January 12, 2009

Paper Mill Seizure Boosts Populist Premier

Paper Mill Seizure Boosts Populist Premier

by Chris Arsenault

VANCOUVER, Jan 13 (IPS) - The man dubbed "Canada's Hugo Chavez" is in the hot seat again.

Danny Williams, the Progressive Conservative premier of Newfoundland and Labrador, a sparsely populated province on the Atlantic coast, recently expropriated the assets of a paper mill, AbitibiBowater Inc., which had announced hundreds of layoffs in December after receiving generous perks from the provincial government.

"In 100 years of operating in Canada we have never seen anything like this," said Seth Kursman, vice-president of communications and government relations for Abitibi.

"We are working on filing [legal documents] as we speak," Kursman told IPS. The mill is scheduled to close on Mar. 28, 2008 and the government will assume control of its assets on Mar. 31.

The threat of legal action because of the expropriation, in Canadian courts or before a tribunal convened as part of the North American Free Trade Agreement (NAFTA), doesn't worry Gary Healey, a tradesman who has worked at Abitibi's mill in Grand Falls, Newfoundland for most of his adult life.

"Abitbi had a covenant with the government from 1905 to make paper at Grand Falls. If they no longer want to make paper here, that covenant has been broken," Healey, a spokesperson for the Canadian Energy and Paperworkers Union, told IPS.

The 1905 agreement between the province of Newfoundland and the Anglo-Newfoundland Development Company Limited, the firm which preceded Abitibi in controlling the paper mill and connected hydroelectric power generators, says the paper company could "use and enjoy" the province's land and water resources "for its milling and logging business".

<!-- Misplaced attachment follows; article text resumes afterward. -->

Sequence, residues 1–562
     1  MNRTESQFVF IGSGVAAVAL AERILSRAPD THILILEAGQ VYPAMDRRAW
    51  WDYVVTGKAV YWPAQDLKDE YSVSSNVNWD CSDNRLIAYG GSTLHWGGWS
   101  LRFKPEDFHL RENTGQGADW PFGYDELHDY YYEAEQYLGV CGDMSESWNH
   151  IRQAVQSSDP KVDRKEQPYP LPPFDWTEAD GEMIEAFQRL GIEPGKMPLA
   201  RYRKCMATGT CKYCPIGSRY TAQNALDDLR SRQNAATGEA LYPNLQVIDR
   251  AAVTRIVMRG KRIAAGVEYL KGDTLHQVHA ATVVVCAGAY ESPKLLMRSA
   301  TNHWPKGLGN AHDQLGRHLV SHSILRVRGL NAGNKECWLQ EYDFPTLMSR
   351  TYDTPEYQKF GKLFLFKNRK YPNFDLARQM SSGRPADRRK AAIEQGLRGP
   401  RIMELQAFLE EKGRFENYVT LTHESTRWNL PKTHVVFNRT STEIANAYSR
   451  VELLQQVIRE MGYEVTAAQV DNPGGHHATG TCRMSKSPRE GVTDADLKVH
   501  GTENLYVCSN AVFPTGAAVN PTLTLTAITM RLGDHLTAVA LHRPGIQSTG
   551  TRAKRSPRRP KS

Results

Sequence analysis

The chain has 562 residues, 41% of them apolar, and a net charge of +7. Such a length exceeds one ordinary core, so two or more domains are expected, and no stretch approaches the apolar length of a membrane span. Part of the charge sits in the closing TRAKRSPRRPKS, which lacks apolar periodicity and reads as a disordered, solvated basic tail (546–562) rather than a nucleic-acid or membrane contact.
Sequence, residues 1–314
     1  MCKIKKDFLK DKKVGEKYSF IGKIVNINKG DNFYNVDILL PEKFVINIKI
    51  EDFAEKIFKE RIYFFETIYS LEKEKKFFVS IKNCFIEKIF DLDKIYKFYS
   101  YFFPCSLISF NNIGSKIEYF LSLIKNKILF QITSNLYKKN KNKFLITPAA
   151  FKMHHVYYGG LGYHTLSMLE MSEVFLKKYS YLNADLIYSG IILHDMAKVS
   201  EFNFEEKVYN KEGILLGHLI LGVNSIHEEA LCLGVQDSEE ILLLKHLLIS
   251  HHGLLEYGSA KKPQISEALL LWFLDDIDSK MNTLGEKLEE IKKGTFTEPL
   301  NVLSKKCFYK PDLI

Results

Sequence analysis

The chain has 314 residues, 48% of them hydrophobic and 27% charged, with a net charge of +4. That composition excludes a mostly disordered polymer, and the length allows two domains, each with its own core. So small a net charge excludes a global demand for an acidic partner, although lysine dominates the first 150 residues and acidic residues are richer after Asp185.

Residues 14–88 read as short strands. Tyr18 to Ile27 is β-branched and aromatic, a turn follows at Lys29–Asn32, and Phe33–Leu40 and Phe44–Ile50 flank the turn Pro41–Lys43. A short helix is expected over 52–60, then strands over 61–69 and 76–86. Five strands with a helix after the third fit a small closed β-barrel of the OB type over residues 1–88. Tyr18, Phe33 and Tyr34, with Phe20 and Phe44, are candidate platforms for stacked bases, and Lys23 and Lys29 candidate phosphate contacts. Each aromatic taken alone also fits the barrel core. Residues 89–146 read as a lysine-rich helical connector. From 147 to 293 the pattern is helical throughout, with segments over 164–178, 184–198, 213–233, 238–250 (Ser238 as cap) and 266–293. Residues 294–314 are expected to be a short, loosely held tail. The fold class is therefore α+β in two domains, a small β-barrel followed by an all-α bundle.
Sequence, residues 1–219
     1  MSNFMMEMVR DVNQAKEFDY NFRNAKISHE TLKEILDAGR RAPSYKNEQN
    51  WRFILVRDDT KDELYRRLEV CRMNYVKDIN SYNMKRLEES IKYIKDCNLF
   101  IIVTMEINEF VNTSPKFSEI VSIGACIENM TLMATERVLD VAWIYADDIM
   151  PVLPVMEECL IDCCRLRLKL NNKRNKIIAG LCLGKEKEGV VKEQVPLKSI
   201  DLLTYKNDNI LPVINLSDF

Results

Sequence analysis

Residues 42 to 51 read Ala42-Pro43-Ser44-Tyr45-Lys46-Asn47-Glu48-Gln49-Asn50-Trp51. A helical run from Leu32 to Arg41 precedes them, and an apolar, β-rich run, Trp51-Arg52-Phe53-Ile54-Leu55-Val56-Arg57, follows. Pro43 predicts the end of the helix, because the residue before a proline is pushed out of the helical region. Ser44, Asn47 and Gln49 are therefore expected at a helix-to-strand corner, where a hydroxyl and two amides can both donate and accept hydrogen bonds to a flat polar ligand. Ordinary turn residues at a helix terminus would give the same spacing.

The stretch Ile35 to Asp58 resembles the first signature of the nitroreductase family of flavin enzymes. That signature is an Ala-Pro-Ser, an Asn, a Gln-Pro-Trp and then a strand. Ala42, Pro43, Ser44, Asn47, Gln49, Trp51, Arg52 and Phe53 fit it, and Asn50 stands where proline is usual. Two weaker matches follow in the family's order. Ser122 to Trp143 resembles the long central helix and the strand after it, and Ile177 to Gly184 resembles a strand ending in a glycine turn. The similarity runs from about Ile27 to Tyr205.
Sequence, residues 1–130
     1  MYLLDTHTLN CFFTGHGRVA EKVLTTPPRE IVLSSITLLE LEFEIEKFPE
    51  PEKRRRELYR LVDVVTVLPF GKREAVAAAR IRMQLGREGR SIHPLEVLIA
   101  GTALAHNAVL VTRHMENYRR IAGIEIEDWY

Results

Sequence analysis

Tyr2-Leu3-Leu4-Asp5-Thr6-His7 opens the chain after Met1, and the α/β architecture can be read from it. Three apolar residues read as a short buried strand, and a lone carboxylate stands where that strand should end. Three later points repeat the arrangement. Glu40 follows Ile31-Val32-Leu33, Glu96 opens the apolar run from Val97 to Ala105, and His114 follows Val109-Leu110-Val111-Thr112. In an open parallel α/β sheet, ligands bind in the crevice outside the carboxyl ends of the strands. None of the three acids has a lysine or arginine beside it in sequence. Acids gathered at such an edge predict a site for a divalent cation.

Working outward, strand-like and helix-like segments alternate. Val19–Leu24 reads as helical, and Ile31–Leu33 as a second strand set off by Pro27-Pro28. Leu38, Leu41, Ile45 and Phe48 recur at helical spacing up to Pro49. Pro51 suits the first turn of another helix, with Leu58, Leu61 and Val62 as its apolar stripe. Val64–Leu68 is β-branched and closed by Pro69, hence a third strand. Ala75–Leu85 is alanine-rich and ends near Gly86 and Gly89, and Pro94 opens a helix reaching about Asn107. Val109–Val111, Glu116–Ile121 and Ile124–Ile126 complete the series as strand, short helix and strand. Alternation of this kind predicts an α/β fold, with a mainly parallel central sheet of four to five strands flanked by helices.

"For 100 years, Abitibi and its predecessors have enjoyed the privilege of Newfoundland and Labrador's natural resources," said Premier Williams when he announced the expropriation on Dec. 17. "It simply makes sense that if Abitibi are not going to continue the operation of a pulp and paper mill and renege on their commitment to our province they will no longer have access to our natural resources."

The assets, including forested land, the pulp mill itself and more valuable hydroelectric generating stations, are worth at least 200 million dollars, according to articles in the business press. "We aren't talking about small-time dollars here," Abitibi's Kursman told IPS.

Abitibi may be compensated for power-related infrastructure, according to the provincial government. No figures have been released and a spokeswoman for Newfoundland's Department of Natural Resources refused to comment on the dispute.

With an international recession hindering the market for paper products, Abitibi exported power from the mill's hydroelectric station for a tidy profit. "They [Abitibi] invested money on their hydro assets, but they allowed their paper-making assets to deteriorate," says union leader Healy.

"They were never a power company. The charter that they operated under was under the premise that they'd make paper," Healy told IPS.